NTC exec says cease order vs ABS-CBN a first
The Duterte administration’s order for ABS-CBN Corp., the country’s largest television network, to stop broadcast operations over an expired franchise might be a first.
National Telecommunications Commission (NTC) deputy commissioner Edgardo V. Cabarios told the Inquirer in an interview that he did not recall any instance when the NTC issued a cease and desist order (CDO) against an entity for lacking a congressional franchise.
“As far as I can recall, this is the first time,” said Cabarios, who has spent almost four decades at the NTC. “Usually, we issue a CDO for violating the NTC’s rules.”
Cabarios, along with commissioner Gamaliel Cordoba and deputy commissioner Delilah Deles, were the signatories in an NTC order telling ABS-CBN to “stop operating its various TV and radio broadcasting stations nationwide.”
NTC cited the lapse of ABS-CBN’s 25-year franchise on May 4, 2020 after petitions for renewal languished before lawmakers for years.
The move comes in the midst of the COVID-19 pandemic that has shuttered most of the economy and regular government functions.
It follows through with Mr. Duterte’s threat to shut the network down amid a feud with ABS-CBN’s owners that supposedly began when the TV network failed to air his advertisements during the 2016 presidential campaign.
Duterte’s critics have asserted that the row was mere cover to silence a powerful media organization that, at times, has been critical of his administration’s policies.
During the interview, Cabarios gave a candid response on why ABS-CBN was singled out even when there may have been instances in the past when firms were allowed to operate beyond the lapse of their franchise.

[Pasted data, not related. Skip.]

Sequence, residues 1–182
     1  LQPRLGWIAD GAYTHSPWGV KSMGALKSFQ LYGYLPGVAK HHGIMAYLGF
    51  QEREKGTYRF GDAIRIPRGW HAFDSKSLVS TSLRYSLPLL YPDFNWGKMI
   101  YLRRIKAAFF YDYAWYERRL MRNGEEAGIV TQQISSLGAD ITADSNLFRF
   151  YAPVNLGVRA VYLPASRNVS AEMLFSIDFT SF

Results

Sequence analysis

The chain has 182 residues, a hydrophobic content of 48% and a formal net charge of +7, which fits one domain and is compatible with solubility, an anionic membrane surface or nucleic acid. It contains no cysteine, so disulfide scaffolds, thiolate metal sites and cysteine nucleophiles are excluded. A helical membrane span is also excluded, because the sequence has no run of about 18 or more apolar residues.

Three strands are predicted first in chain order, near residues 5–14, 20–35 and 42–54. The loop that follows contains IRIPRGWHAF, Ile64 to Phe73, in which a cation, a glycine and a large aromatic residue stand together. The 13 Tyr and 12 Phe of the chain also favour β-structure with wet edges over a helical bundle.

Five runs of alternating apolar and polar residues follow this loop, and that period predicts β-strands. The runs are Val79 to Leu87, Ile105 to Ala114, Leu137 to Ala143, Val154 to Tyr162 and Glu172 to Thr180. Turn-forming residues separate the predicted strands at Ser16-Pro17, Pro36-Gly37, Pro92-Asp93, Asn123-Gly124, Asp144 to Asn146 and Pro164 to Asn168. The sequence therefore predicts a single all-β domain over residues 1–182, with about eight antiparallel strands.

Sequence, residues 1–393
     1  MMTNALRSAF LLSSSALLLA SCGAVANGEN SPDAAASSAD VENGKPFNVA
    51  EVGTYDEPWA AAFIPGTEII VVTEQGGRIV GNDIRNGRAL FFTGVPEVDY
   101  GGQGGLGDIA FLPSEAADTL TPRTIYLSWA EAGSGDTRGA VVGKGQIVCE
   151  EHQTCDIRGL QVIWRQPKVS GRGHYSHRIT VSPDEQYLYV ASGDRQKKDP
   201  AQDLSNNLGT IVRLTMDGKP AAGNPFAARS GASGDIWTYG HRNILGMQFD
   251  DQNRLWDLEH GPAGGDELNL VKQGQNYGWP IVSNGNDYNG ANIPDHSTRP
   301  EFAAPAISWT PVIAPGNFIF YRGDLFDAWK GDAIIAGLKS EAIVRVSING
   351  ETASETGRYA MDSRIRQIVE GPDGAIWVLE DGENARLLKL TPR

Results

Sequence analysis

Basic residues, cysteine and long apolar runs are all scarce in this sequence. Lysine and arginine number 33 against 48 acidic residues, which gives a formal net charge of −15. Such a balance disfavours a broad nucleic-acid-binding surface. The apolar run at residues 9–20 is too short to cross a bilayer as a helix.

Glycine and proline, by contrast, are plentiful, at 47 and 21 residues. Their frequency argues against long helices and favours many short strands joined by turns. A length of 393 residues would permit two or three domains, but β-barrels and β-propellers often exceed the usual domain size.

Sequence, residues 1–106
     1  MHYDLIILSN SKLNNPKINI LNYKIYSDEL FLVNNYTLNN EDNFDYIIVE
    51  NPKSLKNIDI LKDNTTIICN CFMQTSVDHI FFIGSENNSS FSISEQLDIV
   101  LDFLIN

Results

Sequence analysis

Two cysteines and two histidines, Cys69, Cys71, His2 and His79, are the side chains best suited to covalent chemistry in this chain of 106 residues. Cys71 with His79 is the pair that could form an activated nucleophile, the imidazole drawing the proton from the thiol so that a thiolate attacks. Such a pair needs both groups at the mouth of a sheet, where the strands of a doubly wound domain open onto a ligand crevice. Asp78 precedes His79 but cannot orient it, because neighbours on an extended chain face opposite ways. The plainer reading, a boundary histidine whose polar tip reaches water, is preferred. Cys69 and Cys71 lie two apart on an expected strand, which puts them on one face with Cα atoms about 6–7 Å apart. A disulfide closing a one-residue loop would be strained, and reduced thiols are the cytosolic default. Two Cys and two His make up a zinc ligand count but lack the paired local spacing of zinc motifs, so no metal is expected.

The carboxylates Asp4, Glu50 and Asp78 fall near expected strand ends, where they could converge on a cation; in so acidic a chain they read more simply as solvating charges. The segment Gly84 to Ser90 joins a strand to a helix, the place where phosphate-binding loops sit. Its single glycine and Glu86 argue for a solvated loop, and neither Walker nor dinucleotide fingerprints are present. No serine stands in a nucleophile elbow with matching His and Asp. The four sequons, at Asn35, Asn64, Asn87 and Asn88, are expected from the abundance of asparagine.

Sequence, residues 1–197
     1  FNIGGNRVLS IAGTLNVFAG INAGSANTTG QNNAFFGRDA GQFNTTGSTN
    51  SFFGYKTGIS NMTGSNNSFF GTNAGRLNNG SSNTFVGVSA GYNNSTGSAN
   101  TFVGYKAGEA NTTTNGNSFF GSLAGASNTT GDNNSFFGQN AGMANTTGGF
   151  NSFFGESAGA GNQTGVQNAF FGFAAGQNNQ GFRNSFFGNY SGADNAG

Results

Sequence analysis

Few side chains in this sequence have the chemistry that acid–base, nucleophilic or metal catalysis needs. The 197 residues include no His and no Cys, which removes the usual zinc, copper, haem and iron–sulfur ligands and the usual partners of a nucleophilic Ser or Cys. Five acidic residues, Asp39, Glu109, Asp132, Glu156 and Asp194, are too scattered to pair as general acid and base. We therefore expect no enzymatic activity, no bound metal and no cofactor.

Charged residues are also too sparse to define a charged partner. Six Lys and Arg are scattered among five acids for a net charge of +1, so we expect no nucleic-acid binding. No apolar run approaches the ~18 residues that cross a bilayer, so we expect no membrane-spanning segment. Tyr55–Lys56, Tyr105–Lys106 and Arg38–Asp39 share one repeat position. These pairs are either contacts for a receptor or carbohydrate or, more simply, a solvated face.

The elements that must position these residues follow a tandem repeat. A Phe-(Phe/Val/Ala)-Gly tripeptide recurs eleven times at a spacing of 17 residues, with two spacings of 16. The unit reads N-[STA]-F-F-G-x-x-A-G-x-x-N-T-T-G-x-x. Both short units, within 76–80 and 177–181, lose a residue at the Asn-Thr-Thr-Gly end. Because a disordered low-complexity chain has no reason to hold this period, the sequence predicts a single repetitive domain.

“Because there is an issue on the validity of the franchise. So with that issue being raised, our legal team deemed it proper to issue a CDO,” Cabarios said.
He also said the NTC’s legal review determined “there was no legal basis” to issue a provisional permit to ABS-CBN despite Justice Secretary Menardo Guevarra’s position that broadcast entities can continue operating while bills for renewal remain pending in Congress.
The CDO appears to be a win for Solicitor General Jose Calida, who warned the NTC over the weekend against issuing a provisional authority. Calida had also sought to revoke ABS-CBN franchise via a quo warranto case last February.
Cabarios denied that the NTC was pressured by the solicitor general. Instead, he pointed to the text of Republic Act 3846, or the Radio Control Act that was last amended in the 1950s.
Section 1 of the law reads “no person, firm, company, association or corporation shall construct, install, establish, or operate a radio station within the Philippine Islands without having first obtained a franchise therefor from the Philippine Legislature.”
The action by the administration threatens about 11,000 jobs, some 6,730 of which were regular employees, ABS-CBN’s latest annual report showed.
Despite its diversification into high-speed broadband, theme parks and international and digital productions, ABS-CBN still relies on advertising from its TV business for about half of its revenues, which hit P40 billion in 2018.
Edited by TSB
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